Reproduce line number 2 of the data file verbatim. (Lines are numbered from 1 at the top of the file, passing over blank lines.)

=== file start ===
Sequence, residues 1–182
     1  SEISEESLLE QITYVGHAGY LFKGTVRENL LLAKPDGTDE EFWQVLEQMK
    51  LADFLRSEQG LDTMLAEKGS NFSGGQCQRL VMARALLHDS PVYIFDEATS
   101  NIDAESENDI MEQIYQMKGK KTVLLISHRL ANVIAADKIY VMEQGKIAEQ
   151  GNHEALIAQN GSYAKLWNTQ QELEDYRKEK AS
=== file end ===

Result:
     1  SEISEESLLE QITYVGHAGY LFKGTVRENL LLAKPDGTDE EFWQVLEQMK